One of Beckett’s pieces of work that I live by that you have in the book here is “Ever tried, ever failed? No matter. Try again, fail again, fail better.” I love that: “Try again, fail again, fail better.”

Friedkin: That’s what it’s all about, isn’t it?

Tavis: Where your life is concerned, make the connection for me – trying again and failing again and failing better.

Friedkin: Oh, I’ve had numerous failures. You’re talking about a medley of my hits. I’ve had films that didn’t work with the public that I love just as much, and a lot of people get one of those failures and they’re gone, they’re out of here.

But I kept going because I love film. I love to work in cinema and to communicate. It’s been an adventure and an education for me, and so I keep going.

I didn’t know “The Exorcist” would be a hit movie, or “The French Connection.” I had no idea the extent to which they in fact succeeded, and I don’t think that it had that much to do with me, really. Later, you can cite a lot of reasons, but at the time, there were no reasons, because as I’ve told you, every studio passed on these films. Many of them passed twice.

Tavis: How do you process, even though you didn’t know it would work on the front side, when you get to this point of your life and you look back and you see that you have done work that is now iconic. How do you keep from sticking your chest out just a little bit?

Friedkin: Because I’ve been on the canvas. You know what the great contemporary philosopher Mike Tyson said? He knocked somebody out in the first round. I forget, might have been Spinx. I don’t remember.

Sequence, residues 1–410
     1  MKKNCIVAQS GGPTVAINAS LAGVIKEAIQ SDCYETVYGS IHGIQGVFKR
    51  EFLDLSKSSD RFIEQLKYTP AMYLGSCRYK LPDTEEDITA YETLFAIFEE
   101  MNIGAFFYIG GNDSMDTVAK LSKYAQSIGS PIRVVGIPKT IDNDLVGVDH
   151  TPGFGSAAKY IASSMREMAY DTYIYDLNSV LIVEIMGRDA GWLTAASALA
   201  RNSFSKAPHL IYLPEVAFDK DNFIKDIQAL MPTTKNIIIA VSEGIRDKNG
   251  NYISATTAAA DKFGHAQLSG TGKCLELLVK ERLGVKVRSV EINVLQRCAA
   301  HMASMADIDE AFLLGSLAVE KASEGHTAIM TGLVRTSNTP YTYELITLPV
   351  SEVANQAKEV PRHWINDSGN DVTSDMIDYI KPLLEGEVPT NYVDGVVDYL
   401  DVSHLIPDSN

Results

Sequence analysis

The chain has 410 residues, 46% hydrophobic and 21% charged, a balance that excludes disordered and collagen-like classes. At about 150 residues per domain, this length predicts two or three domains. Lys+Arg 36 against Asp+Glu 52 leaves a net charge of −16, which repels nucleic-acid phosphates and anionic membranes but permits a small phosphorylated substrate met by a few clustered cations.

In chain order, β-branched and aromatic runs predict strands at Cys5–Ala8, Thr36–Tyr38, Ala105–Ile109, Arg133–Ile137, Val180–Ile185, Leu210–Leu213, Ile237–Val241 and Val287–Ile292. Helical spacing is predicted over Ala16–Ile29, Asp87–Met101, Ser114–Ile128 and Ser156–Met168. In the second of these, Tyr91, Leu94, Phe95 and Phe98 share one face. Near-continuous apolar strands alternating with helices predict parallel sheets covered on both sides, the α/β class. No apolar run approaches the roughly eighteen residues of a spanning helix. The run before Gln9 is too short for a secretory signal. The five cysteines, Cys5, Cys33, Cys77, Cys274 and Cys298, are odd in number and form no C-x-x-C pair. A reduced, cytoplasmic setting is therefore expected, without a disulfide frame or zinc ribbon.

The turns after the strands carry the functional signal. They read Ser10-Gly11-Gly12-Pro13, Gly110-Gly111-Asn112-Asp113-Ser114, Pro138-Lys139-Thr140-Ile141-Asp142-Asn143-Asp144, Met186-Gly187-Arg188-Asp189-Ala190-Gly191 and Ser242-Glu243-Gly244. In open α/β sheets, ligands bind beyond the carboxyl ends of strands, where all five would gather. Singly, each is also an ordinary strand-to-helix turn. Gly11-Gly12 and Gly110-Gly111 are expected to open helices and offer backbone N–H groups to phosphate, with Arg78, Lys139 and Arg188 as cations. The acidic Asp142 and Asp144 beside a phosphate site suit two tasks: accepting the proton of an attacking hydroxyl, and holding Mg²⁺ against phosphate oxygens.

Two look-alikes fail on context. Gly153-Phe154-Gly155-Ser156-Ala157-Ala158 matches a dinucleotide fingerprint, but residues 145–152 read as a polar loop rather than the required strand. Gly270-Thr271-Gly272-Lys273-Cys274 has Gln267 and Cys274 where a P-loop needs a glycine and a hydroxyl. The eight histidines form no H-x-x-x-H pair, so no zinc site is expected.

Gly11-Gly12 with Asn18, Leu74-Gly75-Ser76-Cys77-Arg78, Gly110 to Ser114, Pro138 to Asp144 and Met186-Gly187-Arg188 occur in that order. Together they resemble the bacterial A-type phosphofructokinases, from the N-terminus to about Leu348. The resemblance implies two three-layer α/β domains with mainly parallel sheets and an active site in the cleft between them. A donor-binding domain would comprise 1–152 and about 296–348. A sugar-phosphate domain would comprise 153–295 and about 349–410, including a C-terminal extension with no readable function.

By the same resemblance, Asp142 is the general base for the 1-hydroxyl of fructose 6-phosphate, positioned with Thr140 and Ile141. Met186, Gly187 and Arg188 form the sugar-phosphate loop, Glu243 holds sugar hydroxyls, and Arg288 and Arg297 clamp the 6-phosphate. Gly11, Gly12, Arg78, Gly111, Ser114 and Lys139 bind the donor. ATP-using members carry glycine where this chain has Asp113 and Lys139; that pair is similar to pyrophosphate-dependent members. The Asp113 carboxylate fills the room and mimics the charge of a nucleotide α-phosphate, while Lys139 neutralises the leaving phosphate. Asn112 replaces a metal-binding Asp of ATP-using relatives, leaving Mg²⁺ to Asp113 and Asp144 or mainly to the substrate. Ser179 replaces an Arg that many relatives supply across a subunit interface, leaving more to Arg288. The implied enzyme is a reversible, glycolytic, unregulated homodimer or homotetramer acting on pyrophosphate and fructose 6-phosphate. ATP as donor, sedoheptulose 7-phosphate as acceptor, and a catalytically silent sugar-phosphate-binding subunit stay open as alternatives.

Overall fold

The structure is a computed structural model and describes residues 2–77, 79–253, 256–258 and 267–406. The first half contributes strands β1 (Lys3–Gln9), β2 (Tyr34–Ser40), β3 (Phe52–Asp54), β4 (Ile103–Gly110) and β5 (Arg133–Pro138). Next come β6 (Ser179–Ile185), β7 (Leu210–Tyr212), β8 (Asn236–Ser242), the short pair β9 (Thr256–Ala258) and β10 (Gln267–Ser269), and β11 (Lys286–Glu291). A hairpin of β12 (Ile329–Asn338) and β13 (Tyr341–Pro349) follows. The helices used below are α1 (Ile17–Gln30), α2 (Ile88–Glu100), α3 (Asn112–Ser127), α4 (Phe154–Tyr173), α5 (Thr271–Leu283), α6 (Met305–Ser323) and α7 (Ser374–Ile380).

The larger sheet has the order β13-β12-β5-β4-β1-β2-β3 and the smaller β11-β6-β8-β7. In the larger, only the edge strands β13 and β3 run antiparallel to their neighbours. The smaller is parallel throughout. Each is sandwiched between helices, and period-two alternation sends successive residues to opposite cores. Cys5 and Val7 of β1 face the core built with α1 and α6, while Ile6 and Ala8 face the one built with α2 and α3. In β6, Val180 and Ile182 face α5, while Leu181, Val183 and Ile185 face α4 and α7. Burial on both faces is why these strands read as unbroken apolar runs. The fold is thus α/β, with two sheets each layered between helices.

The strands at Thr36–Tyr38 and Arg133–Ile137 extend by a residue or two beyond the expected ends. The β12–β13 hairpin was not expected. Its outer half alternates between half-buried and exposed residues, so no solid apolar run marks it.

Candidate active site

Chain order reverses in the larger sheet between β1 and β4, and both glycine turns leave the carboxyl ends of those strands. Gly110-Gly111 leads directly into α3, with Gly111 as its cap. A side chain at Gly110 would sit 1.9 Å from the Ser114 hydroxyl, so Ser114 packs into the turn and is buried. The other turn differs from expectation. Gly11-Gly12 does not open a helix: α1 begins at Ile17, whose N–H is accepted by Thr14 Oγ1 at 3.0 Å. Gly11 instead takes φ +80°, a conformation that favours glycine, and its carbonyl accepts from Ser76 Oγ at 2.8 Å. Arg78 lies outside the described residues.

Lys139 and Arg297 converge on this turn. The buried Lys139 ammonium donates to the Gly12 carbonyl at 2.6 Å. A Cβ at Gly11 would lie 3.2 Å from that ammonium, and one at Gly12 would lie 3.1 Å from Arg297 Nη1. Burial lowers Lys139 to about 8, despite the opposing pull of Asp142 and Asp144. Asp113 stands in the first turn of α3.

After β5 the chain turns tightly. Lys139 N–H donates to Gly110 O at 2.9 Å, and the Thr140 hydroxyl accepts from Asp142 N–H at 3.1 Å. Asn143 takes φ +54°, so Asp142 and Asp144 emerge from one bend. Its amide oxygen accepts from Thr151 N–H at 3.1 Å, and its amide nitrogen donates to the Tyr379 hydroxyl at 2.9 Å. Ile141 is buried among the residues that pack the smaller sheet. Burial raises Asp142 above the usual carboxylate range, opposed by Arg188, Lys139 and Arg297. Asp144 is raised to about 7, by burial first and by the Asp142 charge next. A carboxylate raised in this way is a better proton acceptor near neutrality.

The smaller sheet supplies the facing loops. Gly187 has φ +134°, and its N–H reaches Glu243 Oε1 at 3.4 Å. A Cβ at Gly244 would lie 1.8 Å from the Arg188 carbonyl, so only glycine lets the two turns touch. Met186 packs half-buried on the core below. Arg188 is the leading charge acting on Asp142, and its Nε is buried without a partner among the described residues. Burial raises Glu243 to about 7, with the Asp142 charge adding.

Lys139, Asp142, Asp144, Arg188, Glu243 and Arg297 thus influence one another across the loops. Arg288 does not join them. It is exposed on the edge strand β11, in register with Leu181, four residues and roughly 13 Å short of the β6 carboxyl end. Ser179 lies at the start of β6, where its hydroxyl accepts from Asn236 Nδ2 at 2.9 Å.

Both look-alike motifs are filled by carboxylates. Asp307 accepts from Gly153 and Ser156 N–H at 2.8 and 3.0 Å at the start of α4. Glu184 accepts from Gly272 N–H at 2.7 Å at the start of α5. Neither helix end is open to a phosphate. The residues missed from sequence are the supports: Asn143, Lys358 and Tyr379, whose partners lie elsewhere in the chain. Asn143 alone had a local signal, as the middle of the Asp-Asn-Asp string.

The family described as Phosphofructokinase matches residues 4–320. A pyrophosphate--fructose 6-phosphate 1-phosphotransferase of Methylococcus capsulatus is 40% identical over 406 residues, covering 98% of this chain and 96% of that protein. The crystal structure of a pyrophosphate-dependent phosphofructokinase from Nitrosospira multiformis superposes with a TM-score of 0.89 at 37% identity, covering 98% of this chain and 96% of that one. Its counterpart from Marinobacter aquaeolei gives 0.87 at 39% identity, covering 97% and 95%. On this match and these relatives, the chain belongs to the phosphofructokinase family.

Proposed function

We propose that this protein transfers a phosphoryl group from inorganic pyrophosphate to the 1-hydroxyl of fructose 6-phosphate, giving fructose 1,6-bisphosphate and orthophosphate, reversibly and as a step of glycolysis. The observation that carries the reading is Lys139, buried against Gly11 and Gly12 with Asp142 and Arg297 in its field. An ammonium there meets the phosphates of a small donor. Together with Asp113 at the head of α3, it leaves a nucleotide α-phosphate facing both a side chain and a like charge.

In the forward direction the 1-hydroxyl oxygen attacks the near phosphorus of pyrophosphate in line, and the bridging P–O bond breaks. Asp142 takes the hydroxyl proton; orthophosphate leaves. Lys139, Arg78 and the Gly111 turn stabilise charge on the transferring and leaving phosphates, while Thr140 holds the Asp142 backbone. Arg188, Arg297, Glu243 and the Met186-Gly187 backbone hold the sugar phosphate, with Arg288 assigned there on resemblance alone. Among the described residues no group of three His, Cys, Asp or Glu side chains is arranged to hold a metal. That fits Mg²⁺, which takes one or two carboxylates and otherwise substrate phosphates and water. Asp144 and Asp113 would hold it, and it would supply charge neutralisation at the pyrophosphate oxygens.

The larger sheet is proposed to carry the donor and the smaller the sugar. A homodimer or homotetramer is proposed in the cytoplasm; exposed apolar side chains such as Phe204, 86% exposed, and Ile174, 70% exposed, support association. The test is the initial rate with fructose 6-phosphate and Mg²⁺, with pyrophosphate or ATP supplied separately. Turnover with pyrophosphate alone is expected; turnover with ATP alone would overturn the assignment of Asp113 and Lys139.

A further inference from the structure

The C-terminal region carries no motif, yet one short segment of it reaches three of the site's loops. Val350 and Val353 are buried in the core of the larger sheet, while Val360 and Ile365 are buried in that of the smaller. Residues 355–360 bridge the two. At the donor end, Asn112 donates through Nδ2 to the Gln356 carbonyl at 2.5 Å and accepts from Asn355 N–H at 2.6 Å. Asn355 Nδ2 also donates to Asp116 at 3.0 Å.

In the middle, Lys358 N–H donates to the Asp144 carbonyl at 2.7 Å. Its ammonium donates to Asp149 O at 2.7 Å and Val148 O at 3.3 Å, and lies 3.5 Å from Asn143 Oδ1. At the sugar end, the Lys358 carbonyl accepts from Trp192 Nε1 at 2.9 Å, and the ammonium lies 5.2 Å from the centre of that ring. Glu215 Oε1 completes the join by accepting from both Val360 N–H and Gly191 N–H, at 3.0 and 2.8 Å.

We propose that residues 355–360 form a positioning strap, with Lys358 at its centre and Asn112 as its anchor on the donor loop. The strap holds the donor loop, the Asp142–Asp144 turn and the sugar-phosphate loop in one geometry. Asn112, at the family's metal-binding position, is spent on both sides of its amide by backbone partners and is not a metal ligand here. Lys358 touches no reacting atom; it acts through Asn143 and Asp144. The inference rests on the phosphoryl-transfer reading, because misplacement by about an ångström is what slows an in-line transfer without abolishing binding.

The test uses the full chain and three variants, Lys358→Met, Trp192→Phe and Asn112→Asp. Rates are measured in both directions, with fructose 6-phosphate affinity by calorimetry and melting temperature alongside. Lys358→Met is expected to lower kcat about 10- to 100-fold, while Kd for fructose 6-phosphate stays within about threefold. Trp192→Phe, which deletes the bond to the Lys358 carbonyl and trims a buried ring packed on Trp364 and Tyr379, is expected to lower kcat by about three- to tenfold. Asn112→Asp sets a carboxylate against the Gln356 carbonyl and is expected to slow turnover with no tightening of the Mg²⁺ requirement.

But I remember he was interviewed by Howard Cosell, and he knocked him out in one round. After the fight, Howard Cosell interviewed Tyson and he said, “Mike, what did you think of his plan to stay away from you, to just keep shuffling away and occasionally trying to get in and jab you? How did you feel about his plan?”

Tyson said, “Everybody got a plan till they get hit in the face. Then he don’t got a plan anymore.” (Laughter) That’s my philosophy. It has not been said better by Bertrand Russell. That’s the way it is.

Tavis: Yeah.

Friedkin: I had a plan to have every one of my films be a (laughter) colossal success, Tavis, until I got hit in the face. Then you pick up, try again, maybe fail again, but fail better next time.

Tavis: If you had not – I’m just sitting here listening to you, trying to figure out what you might have done had this not been your calling, your vocation.

Friedkin: I had absolutely no focus as a kid. I never paid attention at school, I never went to college. Not because we were too poor; we were. But if I wanted to go to college, I would have found a way.